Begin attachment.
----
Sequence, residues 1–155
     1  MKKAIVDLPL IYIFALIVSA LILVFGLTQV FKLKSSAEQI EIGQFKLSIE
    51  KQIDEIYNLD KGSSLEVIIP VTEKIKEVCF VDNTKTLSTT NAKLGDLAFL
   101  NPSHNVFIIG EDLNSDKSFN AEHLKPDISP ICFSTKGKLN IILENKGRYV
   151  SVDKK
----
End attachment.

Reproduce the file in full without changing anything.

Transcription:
Sequence, residues 1–155
     1  MKKAIVDLPL IYIFALIVSA LILVFGLTQV FKLKSSAEQI EIGQFKLSIE
    51  KQIDEIYNLD KGSSLEVIIP VTEKIKEVCF VDNTKTLSTT NAKLGDLAFL
   101  NPSHNVFIIG EDLNSDKSFN AEHLKPDISP ICFSTKGKLN IILENKGRYV
   151  SVDKK